If inserted CD/DVDs are recognized and an icon is placed on the desktop, but you are not able to open and explore the device, then the device is recognised by the udev system but something is preventing HAL from mounting it. If double-clicking the icon gives the error window "A security policy prevents this sender from sending this message to this recipient...", you will need to check your permissions settings (see the 'Initial configuration' and 'Permissions policies' sections).

Inserted CD/DVD doesn't get recognized by HAL

If inserted CDs/DVDs are not recognized by HAL (no icon on the desktop), check /etc/fstab and remove the lines for the optical drives.

USB sticks and drives do not automount correctly

This sub-section is sourced from this forum page.

If you are experiencing problems with automounting USB sticks and/or drives, but do not have problems with automounting CDs or DVDs, and if you are able to manually mount the USB device in question, then you should create the file "preferences.fdi" in the folder /etc/hal/fdi/policy and paste the following line into the file

<merge key="volume.ignore" type="bool">false</merge>

Also, if you have GParted installed, you might need to delete this file:

/usr/share/hal/fdi/policy/gparted-disable-automount.fdi

... as being mentioned at the end of this thread: [2]

Also you should remove from /etc/fstab lines, corresponding to usb devices which should be mounted by hal automatically.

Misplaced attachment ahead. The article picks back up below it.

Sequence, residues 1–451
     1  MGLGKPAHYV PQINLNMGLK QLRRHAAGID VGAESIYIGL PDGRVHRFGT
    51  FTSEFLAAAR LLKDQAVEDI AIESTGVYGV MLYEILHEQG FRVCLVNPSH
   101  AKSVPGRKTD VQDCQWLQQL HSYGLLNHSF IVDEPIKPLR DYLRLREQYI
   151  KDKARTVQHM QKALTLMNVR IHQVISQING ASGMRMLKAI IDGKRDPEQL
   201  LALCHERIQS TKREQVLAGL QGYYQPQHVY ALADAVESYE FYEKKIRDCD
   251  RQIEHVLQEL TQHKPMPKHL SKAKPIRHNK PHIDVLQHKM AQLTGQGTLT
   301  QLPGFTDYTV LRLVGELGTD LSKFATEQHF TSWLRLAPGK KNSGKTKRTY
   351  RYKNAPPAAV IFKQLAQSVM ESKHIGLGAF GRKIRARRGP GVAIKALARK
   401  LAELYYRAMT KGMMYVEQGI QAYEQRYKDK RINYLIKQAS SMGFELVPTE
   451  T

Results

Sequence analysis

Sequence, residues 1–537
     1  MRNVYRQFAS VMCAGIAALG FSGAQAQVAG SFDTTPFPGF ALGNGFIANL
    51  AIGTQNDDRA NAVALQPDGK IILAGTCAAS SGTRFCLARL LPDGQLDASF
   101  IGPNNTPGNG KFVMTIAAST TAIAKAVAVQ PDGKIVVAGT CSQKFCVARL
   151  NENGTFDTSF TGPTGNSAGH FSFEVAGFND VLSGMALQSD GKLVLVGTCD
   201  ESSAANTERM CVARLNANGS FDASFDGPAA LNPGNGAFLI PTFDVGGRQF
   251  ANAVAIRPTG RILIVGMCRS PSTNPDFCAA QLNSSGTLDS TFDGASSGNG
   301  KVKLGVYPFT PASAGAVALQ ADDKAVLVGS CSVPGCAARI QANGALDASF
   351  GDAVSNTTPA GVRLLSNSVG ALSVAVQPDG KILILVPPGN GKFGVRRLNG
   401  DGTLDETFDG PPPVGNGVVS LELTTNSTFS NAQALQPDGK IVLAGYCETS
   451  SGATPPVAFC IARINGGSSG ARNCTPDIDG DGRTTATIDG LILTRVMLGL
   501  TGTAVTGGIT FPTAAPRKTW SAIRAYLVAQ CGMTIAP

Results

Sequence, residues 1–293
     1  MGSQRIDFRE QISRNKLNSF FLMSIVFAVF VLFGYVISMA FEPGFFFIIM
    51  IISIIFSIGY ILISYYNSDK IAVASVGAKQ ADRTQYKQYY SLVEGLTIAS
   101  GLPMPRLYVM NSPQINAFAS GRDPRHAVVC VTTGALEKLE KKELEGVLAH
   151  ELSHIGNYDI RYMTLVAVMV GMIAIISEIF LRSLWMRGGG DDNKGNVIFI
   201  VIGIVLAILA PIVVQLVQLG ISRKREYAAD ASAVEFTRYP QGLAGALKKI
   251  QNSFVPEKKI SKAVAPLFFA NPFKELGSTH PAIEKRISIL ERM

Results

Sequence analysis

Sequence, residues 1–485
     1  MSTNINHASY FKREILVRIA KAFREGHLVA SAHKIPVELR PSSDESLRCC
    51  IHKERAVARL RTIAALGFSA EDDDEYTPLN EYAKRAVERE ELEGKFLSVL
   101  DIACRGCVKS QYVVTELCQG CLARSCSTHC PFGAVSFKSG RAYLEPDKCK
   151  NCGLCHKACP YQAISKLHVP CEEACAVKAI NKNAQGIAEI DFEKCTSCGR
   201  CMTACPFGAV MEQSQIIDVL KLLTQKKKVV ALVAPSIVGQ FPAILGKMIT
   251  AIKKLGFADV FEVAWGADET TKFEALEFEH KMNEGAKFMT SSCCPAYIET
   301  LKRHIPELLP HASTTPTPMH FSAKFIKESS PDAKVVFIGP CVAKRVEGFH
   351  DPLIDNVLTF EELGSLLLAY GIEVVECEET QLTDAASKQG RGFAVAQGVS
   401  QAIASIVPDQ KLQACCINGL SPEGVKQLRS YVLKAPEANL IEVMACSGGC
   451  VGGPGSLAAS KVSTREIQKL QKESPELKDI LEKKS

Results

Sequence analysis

Could not get UID and GID

If you get the following error while starting DBUS:

Failed to start message bus: Could not get UID and GID for username "dbus"

then add the user like so:

# /usr/sbin/groupadd -g 81 dbus
# /usr/sbin/useradd -c 'System message bus' -u 81 -g dbus -d '/' -s /bin/false dbus

Removing USB flash causes improper unmount

If you remove your USB flash without previously unmounting it, automatic unmount by HAL may work improperly.

You may find that corresponding records from /media/.hal-mtab is not deleted, and in nautilus device list (and also on GNOME desktop) remains link to an empty folder, where the device was previously mounted.

This may be corrected by unmounting flash drive with "lazy" parameter. To do so, you should do some tweaking:

1) Create an executable script /usr/lib/hal/hal-unmount.sh with access rights 755 and the following content

#!/bin/sh 
# sanity check. DEVNAME should start with a / 
[ "$DEVNAME" != "${DEVNAME#/}" ] || exit 0
# Lazily unmount drives which are removed, but still mounted 
if [ "$ACTION" = remove ] ; then
  if [ -x /usr/bin/pumount ] ; then
    /usr/bin/pumount -l "$DEVNAME";
  else
    /bin/umount -l "$DEVNAME";
  fi
fi
exit 0

2) Then you should tell HAL to run this script when you remove your usb stick. To do so, you should add to /etc/udev/rules.d/90-hal.rules the following line

SUBSYSTEM=="block", ACTION=="remove", RUN+="/usr/lib/hal/hal-unmount.sh"

3) Execute

# /etc/rc.d/hal restart

External links